Create your own odds
Thus far this wager is only available at William Hill, but there are expectations it could expand to other U.K. books and is no doubt something William Hill in Nevada would love to offer. William Hill has a Twitter page and bettors can ask for odds that are not readily available on the site. If it is reasonable and if it is for a sport they feel comfortable with, they will provide odds. Bettors Tweet their bet request to #YourOdds and the company responds with odds or an explanation why they will not offer odds for it.
For example, for the German GP there are 25 bets that were asked for at #YourOdds and that number will increase significantly by race day. So, a bet on Sebastien Vettel to win the race and Nico Hulkenberg and Daniel Ricciardo to both finish in the points would pay 25/1 odds. No doubt this type of bet would prove very popular on NFL weekends or during the NCAA tournaments where the list of bet options thought up by oddsmakers would be enormous.
Sports betting is a competitive business, so the sportsbooks know that they have to offer incentives to attract business. Many will recall the early days of offshore betting where books were giving 200% signup bonuses with minimal rollover requirements or free $50 bets for setting up an account. Unfortunately, these offers were generally too good to be true and the majority of books making these offers folded. The $1,100 to win $1,000 bet on the Pittsburgh Steelers with no rollover by Mansion will live on in infamy as the worst promotion ever offered, as the book lost $2 million on the promotion and then folded its sports betting operation a few months later after the passage of the UIGEA. In the U.K. signup bonuses are offered but are limited and instead the books focus on offers that are enticing but not back breaking to the books. For example, 888 offers a $5 rebate on all bets made over $50 during the week in a given week and they also have a wheel that provides some other small incentive based on what is spun – e.g. A 50% bet boost on any individual game. Bet365 tends to offer promotions where if you place a wager before a game then you can get an in-play wager for the same amount for free with the limit usually $10. But they also offer parlay bonuses, money back on 0-0 losses in soccer and early payout offers on all the major sports. In NFL football if a team goes up by 14 points, any money line wager on that team is automatically paid as a winner. And there are similar offers for hockey, baseball and basketball. Naturally this would have proven to be a great promotion given the number of blown leads in last year’s NFL season. And William Hill offers bonus boosts to increase the odds, free bet offers and a host of other promotions. This is definitely something American bettors can look forward to.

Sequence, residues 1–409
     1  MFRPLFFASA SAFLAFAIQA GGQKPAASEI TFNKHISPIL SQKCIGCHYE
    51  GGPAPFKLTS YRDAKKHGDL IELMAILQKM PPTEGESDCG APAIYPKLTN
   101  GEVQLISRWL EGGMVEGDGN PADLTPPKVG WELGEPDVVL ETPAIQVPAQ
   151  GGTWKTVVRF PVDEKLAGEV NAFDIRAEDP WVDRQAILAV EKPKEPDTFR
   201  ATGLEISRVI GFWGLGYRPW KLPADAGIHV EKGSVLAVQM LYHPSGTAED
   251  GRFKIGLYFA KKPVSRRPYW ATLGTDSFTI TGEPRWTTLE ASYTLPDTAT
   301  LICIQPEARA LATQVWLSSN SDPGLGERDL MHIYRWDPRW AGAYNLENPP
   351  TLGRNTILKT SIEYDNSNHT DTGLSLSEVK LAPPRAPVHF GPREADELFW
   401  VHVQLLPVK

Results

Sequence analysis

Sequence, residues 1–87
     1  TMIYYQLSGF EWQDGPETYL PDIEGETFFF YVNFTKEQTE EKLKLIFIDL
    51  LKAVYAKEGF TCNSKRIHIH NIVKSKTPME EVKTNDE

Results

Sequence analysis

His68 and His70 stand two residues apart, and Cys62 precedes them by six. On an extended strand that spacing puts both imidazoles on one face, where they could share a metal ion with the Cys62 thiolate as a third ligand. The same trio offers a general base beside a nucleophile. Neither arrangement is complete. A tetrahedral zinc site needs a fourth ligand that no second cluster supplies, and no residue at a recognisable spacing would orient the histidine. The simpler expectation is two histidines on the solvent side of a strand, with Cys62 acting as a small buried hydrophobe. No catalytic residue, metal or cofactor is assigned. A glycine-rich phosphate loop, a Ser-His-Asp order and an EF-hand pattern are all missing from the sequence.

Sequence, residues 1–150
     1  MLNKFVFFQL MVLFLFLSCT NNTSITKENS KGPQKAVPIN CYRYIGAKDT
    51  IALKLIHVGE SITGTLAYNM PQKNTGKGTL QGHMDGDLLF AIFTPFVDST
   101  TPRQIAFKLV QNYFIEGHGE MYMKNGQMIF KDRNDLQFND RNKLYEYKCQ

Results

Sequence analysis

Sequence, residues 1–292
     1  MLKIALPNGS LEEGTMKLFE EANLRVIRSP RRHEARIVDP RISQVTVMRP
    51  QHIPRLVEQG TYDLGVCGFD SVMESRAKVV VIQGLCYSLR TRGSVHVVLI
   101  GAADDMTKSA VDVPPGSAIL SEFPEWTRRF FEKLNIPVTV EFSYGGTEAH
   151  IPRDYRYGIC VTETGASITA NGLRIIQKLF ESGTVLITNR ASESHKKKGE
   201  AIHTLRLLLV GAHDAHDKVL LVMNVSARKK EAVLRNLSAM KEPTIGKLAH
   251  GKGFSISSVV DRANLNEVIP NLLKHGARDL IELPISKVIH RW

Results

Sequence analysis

If Flutter Entertainment has their way, then exchange wagering will be available for Americans, but it will only prove useful in large states or if cross state wagering ever is allowed. Unlike traditional sports betting where a book posts odd and a bettor wagers on it, in exchange wagering, a bettor offers odds and another bettor takes it. The book takes a commission on winning wagers. Betfair loves it because there is no risk on their end and bettors love it because they get true odds, less commission. Many offshore sportsbooks have accounts on the Betfair exchange to lay off some of their action and this is the easiest and cheapest way of doing it. The most popular exchange for Betfair is horse racing, but it is unlikely a true betting exchange on horse racing will ever take place in the U.S. since the tracks will view it as a threat to their pari-mutuel monopoly. Exchange wagering was set to take place in California, but it was nixed after the horse racing board and Stronach Group expressed reservations. An exchange is available in New Jersey, but it has not been successful since the volume on the exchange is so low. If, however, a true P2P exchange is allowed and created it would be a major boon for American bettors.
So, the British are coming and hoping to bring their successful offerings with them. It seems clear that William Hill has been limited in bets it is able to offer in Nevada and no doubt other states will create some limitations also. But with Caesars and MGM struggling to survive and sports betting generally seen as a necessary evil by many casinos, it’s comforting to know there are some real new sports betting options coming soon. American bettors deserve it.